The French government on Monday pressed France Telecom to tackle a wave of suicides that union leaders blame on stressful management tactics.
Labour Minister Xavier Darcos called for a meeting on Tuesday with France Telecom chief executive Didier Lombard after a woman threw herself from an office window after learning that her boss would change -- becoming the 23rd death in 19 months at the former state-owned company.
On Friday, a 32-year-old woman killed herself by jumping from the fifth-floor window of a France Telecom building in Paris. Two days before that another employee stabbed himself in the stomach during a meeting.
France Telecom employs 100,000 people in France and 23 staff have killed themselves since February 2008.
"It is the duty and obligation of the company and of the government, which is a powerful shareholder, to examine this issue," President Nicolas Sarkozy's chief of staff Claude Gueant told RTL radio.
Sarkozy's top aide noted that in many cases, the employees were grappling with personal demons and that France Telecom was not fully to blame for the deaths.
"Suicide is a very serious, very personal affair and we cannot reduce this phenomenon at France Telecom to an organisational problem at the company," added Gueant.
But the government pushed France Telecom's leadership to take action, although officials have said over the past weeks that they had stepped up training for managers to help them detect potential suicide cases.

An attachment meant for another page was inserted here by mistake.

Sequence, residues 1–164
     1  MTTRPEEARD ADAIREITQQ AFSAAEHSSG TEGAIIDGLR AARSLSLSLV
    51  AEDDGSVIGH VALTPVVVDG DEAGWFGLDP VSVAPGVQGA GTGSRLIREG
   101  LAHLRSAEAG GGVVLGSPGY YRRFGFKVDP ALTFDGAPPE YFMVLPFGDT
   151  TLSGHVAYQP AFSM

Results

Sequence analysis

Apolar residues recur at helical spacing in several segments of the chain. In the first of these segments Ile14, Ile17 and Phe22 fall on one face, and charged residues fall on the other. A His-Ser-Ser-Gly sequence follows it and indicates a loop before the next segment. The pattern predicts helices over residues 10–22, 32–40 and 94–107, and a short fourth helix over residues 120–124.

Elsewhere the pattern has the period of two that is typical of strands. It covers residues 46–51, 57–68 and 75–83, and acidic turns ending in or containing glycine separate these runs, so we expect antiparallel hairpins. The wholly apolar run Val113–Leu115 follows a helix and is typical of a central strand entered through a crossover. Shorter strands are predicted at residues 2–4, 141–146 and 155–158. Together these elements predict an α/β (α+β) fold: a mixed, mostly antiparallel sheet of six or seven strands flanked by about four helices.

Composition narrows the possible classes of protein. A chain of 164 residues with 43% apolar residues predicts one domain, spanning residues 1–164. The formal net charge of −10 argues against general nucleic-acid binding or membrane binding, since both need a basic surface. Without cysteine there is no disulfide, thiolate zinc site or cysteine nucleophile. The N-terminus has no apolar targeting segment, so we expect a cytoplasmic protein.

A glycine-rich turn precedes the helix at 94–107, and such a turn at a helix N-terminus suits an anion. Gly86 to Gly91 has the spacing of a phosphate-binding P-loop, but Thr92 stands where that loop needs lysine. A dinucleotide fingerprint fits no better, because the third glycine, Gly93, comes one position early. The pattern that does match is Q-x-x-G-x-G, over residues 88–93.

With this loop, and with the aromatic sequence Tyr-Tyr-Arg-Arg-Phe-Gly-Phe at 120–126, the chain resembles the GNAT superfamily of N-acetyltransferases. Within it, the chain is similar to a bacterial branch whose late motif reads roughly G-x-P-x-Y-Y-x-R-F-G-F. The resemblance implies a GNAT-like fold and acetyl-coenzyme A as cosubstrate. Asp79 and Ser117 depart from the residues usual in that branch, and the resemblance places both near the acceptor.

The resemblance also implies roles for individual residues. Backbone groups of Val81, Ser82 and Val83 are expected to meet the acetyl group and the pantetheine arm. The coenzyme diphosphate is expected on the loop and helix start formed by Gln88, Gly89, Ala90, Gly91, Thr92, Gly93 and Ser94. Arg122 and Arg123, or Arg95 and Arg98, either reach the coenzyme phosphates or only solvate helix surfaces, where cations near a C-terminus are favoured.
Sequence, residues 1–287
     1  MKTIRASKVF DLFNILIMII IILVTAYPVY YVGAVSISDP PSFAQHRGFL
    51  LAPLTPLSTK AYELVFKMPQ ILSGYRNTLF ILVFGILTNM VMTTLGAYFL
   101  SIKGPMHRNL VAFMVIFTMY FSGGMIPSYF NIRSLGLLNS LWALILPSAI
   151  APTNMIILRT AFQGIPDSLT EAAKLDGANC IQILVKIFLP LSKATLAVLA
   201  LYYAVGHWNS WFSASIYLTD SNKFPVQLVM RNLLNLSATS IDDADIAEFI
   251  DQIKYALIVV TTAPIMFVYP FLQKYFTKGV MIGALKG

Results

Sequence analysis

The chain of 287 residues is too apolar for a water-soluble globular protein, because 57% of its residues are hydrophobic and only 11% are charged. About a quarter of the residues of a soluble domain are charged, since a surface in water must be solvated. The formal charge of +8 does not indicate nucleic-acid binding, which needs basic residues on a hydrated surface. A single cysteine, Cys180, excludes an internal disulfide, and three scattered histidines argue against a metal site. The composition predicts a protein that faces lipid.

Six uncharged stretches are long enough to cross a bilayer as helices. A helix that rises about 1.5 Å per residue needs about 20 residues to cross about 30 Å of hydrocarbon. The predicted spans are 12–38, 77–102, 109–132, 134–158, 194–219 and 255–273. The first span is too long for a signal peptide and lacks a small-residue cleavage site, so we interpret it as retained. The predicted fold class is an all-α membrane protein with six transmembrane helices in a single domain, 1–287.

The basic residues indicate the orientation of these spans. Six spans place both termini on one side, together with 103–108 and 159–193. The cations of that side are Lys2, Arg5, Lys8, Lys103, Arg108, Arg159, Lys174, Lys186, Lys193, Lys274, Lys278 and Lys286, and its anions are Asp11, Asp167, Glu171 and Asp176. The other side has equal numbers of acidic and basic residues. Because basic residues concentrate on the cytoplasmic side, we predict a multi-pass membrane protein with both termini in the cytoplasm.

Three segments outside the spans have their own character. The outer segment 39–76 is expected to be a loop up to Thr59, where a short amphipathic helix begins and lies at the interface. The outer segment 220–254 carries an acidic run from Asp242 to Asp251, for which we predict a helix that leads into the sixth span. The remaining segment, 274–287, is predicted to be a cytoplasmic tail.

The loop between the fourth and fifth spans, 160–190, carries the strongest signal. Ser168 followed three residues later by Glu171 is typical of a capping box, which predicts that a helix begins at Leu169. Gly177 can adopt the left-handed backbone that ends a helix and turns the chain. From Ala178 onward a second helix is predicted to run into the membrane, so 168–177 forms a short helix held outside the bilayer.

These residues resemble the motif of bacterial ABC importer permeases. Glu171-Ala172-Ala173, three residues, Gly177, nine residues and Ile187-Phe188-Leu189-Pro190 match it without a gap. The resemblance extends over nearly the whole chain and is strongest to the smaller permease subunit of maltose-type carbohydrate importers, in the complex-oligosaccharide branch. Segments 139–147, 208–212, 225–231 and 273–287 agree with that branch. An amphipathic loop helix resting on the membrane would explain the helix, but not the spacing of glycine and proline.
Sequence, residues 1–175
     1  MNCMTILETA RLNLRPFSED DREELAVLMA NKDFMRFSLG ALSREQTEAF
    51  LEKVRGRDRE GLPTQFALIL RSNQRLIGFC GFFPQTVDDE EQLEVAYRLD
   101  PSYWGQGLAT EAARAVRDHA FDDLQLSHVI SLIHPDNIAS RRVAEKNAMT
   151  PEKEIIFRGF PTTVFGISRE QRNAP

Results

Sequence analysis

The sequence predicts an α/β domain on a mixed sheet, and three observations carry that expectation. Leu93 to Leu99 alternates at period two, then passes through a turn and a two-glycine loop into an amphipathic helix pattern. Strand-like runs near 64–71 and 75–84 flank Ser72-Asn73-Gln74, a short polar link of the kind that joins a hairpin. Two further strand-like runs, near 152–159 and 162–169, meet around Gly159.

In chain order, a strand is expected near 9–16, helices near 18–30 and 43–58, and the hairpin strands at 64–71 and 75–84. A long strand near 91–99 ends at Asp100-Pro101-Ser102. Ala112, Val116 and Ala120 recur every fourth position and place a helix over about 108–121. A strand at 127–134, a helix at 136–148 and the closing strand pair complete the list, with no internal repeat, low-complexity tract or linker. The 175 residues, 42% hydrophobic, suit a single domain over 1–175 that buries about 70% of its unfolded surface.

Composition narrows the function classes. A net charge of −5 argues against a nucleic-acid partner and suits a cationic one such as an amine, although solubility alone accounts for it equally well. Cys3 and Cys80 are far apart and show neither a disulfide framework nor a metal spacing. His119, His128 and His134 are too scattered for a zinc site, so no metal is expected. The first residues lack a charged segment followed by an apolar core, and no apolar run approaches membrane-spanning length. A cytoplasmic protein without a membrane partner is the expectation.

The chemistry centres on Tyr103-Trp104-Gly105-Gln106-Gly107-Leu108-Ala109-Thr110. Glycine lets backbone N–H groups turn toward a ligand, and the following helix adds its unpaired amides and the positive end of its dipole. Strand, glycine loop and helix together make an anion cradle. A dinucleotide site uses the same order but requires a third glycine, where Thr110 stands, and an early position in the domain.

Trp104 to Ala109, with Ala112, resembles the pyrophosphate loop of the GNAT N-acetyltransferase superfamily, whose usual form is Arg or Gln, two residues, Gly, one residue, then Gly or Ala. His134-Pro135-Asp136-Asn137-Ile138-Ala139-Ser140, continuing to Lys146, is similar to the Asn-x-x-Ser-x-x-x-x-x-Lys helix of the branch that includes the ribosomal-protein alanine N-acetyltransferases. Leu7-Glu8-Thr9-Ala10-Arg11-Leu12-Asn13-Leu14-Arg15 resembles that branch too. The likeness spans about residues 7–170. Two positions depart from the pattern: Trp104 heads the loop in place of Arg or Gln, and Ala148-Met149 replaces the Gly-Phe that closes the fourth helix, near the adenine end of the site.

Budget minister Eric Woerth said at the weekend that France Telecom's management "must take very, very seriously this incredible string of suicides in one company."
Economy Minister Christine Lagarde on Sunday told France Telecom's CEO to convene a special board meeting so that a message is sent "from the highest level" to the staff.
Union leaders blame management's failure to help staff cope with stress from a massive restructuring plan at France Telecom, which is trying to become more competitive.
The head of the CFDT union Francois Chereque demanded that France Telecom put a freeze on the restructuring.
"This is a company which has a single goal of making money and inevitably, the employees at France Telecom, who were used to another work relationship with customers, are asked to turn a profit," said Chereque.
"These are not personal tragedies. We know that suicide stems from some personal problems but to commit this act at the workplace is a cry for help tied to the place where the action is taken," he added.
The suicide rate in France in 2006 was 16 deaths per 100,000, according to the INSERM national health research agency.